fossils, isolated teeth and fragmentary jaws, are from North America. Our tree results in a 50 million-year ghost lineage for Metatheria, accepting the 160 million-years age for Juramaia. 

The LRT confirms a 210 mya origin for Metatheria, starting with Morganucodon, so no ghost is necessary.

Figure 8. Caluromys, the largest of the mouse opossums, to scale with its LRT sister, Vulpavus, a basal member of Carnivora.

Figure 6. Caluromys, the largest of the mouse opossums, to scale with its LRT sister, Vulpavus, a basal member of Carnivora and Placentalia.

Bi et al. continue:
“A possibility raised elsewhere is that the age of Juramaia is incorrect; rather than Late Jurassic, perhaps it is from the Early Cretaceous Jehol Biota. In our study, Juramaia is in a clade with Albian/Aptian Prokennalestes and Late Cretaceous eutherians by having a more molariform ultimate upper premolar. In contrast, Ambolestes, as in the outgroups, has a non-molariform ultimate upper premolar. Although resolution of this intriguing debate is not currently possible, our understanding of the issues has been furthered by the discovery of Ambolestes.”

As shown above, the LRT does not confirm the Bi et al. hypothesis of interrelationships.


References
Bi S-D et al. 2019. The Early Cretaceous eutherian Ambolestes and its implications for the Eutherian/Metatherian dichotomy. Journal of Vertebrate Paleontology abstracts.

Morganucodon and Kuehneotherium are mammals, not stem-mammals

Newham et al. 2019 report,
“Surprisingly long lifespans and low femoral blood flow suggest reptile-like physiology in key Early Jurassic stem-mammals.

Abstract:
“There is uncertainty regarding the timing and fossil 5 species in which mammalian endothermy arose, with few studies of stem-mammals on key aspects of endothermy such as basal or maximum metabolic rates, or placing them in the context of living vertebrate metabolic ranges. Synchrotron X-ray imaging of incremental tooth cementum shows two Early Jurassic stem-mammals, Morganucodon and Kuehneotherium, had lifespans (a basal metabolic rate 10 proxy) considerably longer than comparably sized living mammals, but similar to reptiles, and that Morganucodon had femoral blood flow rates (a maximum metabolic rate proxy) intermediate between living mammals and reptiles. This shows maximum metabolic rates increased evolutionarily before basal rates, and that contrary to previous suggestions of a Triassic origin, Early Jurassic stem-mammals lacked the endothermic metabolism of living mammals.”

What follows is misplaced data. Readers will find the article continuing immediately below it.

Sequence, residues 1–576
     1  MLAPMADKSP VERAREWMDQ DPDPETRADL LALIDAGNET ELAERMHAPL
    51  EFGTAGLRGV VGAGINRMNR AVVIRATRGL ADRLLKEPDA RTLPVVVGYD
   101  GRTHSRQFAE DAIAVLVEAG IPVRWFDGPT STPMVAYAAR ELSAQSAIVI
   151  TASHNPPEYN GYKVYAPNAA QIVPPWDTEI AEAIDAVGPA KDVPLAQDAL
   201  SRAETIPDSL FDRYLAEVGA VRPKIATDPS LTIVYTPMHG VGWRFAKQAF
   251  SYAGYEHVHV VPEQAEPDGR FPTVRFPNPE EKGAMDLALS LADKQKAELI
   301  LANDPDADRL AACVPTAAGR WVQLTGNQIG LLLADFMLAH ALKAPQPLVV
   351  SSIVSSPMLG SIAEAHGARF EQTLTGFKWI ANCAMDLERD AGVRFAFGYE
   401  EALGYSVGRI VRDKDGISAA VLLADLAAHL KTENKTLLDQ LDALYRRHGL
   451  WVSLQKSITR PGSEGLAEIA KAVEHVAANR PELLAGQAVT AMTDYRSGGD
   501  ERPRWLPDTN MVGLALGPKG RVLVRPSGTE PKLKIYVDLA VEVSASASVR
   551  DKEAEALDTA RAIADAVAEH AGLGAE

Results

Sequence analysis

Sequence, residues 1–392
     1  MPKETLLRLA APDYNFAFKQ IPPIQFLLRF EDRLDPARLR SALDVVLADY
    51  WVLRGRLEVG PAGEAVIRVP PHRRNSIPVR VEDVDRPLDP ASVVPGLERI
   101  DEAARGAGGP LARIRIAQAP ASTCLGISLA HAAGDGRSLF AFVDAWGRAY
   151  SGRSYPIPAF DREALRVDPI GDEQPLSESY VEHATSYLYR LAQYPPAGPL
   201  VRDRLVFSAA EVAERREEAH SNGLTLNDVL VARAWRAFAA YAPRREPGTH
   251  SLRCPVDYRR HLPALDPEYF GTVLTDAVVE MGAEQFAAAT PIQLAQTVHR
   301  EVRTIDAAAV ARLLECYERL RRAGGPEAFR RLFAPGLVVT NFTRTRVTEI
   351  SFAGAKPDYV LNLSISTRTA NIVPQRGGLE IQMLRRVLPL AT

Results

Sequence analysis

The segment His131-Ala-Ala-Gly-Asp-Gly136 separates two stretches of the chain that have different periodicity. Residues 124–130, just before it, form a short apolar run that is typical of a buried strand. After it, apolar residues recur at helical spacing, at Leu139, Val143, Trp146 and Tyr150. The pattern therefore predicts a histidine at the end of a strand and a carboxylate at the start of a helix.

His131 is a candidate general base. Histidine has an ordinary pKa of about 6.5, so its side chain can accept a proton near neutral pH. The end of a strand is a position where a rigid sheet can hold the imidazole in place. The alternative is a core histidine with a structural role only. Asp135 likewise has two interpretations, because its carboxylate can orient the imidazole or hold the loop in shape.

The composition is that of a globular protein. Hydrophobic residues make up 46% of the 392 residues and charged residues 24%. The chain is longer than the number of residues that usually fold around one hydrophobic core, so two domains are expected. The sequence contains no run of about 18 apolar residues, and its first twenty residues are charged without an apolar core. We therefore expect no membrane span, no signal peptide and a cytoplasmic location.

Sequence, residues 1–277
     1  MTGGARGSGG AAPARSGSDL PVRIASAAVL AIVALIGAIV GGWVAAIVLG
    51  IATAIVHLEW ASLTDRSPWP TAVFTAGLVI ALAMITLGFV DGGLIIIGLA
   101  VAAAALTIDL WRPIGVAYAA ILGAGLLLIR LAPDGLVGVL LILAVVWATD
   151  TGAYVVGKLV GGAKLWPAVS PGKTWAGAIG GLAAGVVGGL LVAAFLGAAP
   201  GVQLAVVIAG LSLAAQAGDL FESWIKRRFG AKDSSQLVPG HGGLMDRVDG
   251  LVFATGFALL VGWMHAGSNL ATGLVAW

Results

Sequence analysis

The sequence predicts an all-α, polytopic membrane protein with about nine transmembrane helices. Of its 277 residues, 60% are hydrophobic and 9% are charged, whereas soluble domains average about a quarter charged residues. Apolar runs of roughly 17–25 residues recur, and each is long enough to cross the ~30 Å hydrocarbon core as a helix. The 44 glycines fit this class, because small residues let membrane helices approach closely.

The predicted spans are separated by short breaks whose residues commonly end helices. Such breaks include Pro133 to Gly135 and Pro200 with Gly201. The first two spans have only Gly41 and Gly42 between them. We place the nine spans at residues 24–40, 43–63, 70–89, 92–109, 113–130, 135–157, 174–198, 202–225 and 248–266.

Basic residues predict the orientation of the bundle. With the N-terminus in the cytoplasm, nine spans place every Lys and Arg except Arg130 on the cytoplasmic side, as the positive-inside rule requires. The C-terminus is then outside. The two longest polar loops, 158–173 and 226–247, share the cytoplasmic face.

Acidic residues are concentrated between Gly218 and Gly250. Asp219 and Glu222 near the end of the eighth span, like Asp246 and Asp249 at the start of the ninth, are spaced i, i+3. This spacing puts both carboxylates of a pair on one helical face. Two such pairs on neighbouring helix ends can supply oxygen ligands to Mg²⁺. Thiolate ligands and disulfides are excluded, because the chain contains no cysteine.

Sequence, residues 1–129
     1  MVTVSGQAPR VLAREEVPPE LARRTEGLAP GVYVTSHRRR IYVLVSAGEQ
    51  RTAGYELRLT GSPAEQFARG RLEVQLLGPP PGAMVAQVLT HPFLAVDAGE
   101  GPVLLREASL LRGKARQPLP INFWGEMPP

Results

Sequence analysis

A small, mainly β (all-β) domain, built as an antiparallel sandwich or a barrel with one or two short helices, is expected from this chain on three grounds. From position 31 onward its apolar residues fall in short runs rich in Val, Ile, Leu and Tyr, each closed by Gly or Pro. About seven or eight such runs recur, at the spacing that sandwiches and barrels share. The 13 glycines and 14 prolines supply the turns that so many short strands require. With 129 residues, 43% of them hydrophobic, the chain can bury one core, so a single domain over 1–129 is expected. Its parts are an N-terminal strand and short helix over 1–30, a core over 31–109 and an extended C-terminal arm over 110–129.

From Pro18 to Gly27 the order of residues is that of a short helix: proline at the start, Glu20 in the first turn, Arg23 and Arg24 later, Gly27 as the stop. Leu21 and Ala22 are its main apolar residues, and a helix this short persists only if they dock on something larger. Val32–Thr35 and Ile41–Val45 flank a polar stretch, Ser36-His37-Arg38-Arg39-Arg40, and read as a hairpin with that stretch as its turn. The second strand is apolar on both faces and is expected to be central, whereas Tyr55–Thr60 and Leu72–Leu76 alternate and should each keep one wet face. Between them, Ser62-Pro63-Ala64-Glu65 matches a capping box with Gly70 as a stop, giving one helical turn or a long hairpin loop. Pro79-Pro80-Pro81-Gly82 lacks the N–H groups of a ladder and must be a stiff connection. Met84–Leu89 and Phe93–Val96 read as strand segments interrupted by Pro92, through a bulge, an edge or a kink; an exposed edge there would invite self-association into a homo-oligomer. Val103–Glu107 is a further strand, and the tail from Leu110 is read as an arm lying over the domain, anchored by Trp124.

That conclusion would be true
if their cladogram was correct. Unfortunatley, it was not.

Figure 1. Subset of the LRT focusing on Basal Mammalia including Creodonta.

Figure 1. Subset of the LRT from 2018 focusing on Basal Mammalia including Morganucodon and Kuehneotherium.

According to
the large reptile tree (LRT, 1579 taxa; subset Fig. 1), Kuehneotherium (Fig. 2) is a basal protothere mammal (= monotreme) in the lineage of echidnas and platypuses. Morganucodon is a very basal metathere mammal (= marsupial). The Virginia opossum, Didelphis, is the most closely related extant taxon in the LRT.

Figure 1. Brasilodon compared to Kuehneotherium, Akidolestes and Ornithorhynchus, the living platypus.

Figure 2. Brasilodon compared to Kuehneotherium, Akidolestes and Ornithorhynchus, the living platypus.

Here’s a data point of interest:
Newham et al. report, “Only the short-beaked echidna Tachyglossus aculeatus, a monotreme with long lifespan and low metabolic rate, exceeds the Kuehneotherium, but not Morganucodon, distance above the mammalian mean.” And THAT is reflected in the LRT. I also note the platypus, Ornithorhynchus, is not mentioned in the text, only in the citations. Same with Didelphis.

So what does that do to the results?
Seems like the Newham et al. study is suffering from taxon exclusion and an invalid traditional understanding of basal mammal interrelations. Unfortunately Professor MJ Benton is a co-author, infamous for taxon exclusion and guiding his students and any protégé to do the same.

Please tell Elis Newham et al.
to add the platypus and opossum to their study and get back to us! Don’t let this work become another waste of time due to taxon exclusion.


References
Newham E et al. (19 co-authors) 2019. Reptile-like physiology in Early Jurassic stem-mammals. bioRxiv preprint http://dx.doi.org/10.1101/785360